On 16th December 1944, German forces began a counteroffensive that aimed at turning the tide for Germany. The attack, focused in the Ardennes Forest in Belgium, France and Luxemburg, aimed to divide the Allied forces, cut off Allied use of the port of Antwerp and prevent the Allies from reaching Germany. The Battle the followed would become known as the Battle of the Bulge. The area around town of Bastogne in southern Belgium came under siege, and it was here that two Belgian women would show their heroism and bravery, in the midst of one of the costliest battles of the Second World War.
Renee Bernadette Emilie Lemaire, a nurse born in April 1914 in Bastogne, had travelled from Brussels to visit her parents, who owned a hardware shop in the town, when then German offensive began. Renee had been engaged to a Jewish man, named Joseph, who had been arrested by the Gestapo in 1943. As she was unable to leave Bastogne, she decided, on 21st December, to volunteer at a American Military aid station for the American 20th Armoured Infantry Battalion, where many wounded soldiers were evacuated during the siege. Alongside Renee, was her friend and fellow volunteer Augusta Chiwy, a Belgian-Congolese nurse born in 1921 in modern day Burundi. Augusta was also visiting her parents in
Bastogne, when the call for volunteers arrived, owing to the shortage of medical personnel in the town.
Dr Jack Prior had been the Battalion surgeon at the SARMA aid station, based on Rue Neufchateau, near the town square, and worked with both of these women. Dr Prior said that Augusta, ‘was always in the thick of the splinting, dressing and haemorrhage control’ and Renee, who found it difficult dealing with some of the more horrific casualties, ‘had cheerfully accepted the herculean task and worked without adequate food or rest’. As well as administering medical care, these women fed and bathed the wounded. Dr Prior believed ‘the presence of these two girls was a morale factor of the highest order’.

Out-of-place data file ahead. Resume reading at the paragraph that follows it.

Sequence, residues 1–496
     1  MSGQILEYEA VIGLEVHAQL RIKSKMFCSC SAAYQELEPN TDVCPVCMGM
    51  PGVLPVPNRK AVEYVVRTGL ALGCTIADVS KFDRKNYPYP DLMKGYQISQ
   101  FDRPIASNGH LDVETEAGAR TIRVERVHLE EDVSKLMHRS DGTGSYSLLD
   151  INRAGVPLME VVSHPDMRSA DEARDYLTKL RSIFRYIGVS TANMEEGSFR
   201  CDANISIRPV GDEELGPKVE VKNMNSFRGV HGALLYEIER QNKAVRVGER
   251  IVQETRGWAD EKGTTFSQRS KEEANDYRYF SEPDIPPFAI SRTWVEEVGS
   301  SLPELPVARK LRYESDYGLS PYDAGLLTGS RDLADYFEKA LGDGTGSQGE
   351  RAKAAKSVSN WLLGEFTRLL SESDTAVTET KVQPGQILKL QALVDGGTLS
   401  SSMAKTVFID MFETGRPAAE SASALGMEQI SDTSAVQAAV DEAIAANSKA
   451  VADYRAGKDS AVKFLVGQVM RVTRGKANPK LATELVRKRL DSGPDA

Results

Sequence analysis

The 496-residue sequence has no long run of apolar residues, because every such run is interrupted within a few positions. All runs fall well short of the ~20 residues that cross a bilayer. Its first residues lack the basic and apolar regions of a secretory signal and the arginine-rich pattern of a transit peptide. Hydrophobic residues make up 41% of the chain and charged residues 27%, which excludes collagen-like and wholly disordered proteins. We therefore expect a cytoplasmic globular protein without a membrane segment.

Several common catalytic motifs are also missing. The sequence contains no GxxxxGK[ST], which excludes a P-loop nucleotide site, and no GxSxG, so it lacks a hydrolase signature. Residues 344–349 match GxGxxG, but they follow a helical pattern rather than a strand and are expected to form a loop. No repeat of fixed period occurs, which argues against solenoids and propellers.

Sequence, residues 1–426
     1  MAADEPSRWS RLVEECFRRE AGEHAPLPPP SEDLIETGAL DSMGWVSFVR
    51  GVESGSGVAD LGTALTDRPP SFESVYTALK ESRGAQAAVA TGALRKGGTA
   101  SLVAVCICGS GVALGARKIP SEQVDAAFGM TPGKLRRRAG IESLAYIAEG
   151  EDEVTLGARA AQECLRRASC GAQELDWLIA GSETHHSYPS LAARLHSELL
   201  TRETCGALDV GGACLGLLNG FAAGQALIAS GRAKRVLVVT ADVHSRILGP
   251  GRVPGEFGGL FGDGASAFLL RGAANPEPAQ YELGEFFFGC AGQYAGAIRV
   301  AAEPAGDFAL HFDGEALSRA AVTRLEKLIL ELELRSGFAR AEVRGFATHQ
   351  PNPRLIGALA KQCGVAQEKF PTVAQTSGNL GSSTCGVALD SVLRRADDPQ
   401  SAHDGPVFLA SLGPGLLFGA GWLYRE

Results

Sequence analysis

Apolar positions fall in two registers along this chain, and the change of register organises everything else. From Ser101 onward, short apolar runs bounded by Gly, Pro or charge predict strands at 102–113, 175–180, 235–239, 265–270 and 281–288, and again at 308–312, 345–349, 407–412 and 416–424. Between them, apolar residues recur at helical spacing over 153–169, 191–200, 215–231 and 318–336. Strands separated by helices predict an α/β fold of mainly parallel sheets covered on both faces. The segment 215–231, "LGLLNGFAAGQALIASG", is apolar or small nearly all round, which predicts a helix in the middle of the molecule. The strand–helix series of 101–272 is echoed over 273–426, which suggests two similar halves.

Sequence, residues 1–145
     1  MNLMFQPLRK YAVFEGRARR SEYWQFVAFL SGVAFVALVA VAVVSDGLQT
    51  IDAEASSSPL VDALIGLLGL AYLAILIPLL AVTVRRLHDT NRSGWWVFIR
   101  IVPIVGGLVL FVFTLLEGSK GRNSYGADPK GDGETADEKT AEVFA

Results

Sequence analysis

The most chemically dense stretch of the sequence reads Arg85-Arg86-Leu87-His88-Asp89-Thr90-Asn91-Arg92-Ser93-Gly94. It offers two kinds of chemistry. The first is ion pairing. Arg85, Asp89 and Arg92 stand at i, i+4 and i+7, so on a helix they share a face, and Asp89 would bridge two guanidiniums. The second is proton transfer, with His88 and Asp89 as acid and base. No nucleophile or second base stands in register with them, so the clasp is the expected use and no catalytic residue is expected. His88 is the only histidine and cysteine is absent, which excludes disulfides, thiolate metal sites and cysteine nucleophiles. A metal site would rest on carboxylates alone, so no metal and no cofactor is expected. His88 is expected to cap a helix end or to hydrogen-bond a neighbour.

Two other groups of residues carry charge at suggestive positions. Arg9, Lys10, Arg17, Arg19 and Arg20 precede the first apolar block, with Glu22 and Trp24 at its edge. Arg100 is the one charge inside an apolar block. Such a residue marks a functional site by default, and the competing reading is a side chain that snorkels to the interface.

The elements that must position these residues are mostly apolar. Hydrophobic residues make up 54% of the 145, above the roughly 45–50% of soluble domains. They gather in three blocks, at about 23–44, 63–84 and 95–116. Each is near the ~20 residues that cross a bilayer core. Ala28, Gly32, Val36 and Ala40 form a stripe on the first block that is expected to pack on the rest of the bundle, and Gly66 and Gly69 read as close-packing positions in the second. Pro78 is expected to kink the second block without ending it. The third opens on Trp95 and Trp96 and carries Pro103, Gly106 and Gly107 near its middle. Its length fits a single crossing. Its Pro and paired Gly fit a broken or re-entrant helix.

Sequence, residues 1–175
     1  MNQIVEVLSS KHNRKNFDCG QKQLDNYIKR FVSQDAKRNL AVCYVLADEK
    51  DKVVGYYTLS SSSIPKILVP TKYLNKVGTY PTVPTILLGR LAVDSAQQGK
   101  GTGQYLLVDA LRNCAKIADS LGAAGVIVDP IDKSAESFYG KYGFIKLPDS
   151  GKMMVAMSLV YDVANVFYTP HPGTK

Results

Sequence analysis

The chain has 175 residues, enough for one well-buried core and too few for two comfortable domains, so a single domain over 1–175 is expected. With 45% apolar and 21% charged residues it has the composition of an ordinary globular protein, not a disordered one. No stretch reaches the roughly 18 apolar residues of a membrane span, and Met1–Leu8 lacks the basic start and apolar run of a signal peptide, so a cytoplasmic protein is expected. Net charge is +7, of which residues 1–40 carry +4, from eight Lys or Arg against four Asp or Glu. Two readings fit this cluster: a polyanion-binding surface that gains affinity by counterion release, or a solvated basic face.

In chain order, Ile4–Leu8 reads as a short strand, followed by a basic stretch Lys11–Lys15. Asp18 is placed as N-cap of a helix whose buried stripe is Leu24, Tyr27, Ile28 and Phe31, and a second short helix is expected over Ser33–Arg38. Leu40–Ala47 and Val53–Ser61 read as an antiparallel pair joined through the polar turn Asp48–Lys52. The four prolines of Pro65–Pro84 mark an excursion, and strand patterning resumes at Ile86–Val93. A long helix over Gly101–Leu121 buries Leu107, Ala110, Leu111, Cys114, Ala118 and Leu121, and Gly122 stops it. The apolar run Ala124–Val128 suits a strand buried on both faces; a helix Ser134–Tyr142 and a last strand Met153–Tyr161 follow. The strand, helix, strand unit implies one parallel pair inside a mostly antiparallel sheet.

On the freezing night of 24th December 1944, midway through what would turn into a week long battle, a German shell hit the aid station. Renee Lemaire continued to re-enter the burning building and evacuated six soldiers but tragically died, alongside with thirty other US soldiers. Dr Jack Prior later stated that he recovered her remains and presented them to her parents wrapped up in a white parachute. Dr Prior asked for the Commanding General for a commendation for Renee, stating that ‘her very presence among those wounded men seemed to be an inspiration those whose morale had declined’. The commendation was not acknowledged. Augusta was also nearly killed that night, having been blown through a wall. She continued to work with Dr Prior, in a new aid station, until January 1945, when the Battalion left Bastogne. Augusta continued her work as a nurse after end of the war and kept in contact with Dr Prior until his death in 2007.
There is a plague on the site of the former aid station in Bastogne in memory of both Renee and the US troops killed that night in 1944. Augusta was awarded a Knight of the Order of Belgium in 2011 and was given a Civilian Award for Humanitarian Service by the US Government. Both of these women were briefly but beautifully portrayed in the series Band of Brothers and although they were inaccurately depicted as serving the 101st Airborne
Division, it did bring these two women to the attentions of many for the first time.
The people of Bastogne are immensely proud of these two women, who put themselves forward to help the casualties of the siege. Both women put themselves in the path of danger, for which Renee paid the ultimate sacrifice, and showed courage, bravery, kindness and humility in some of the darkest days of the war. Friends Renee Lemaire and Augusta Chiwy, who died aged 94 in 2015, are buried near to each other in the same cemetery in Bastogne.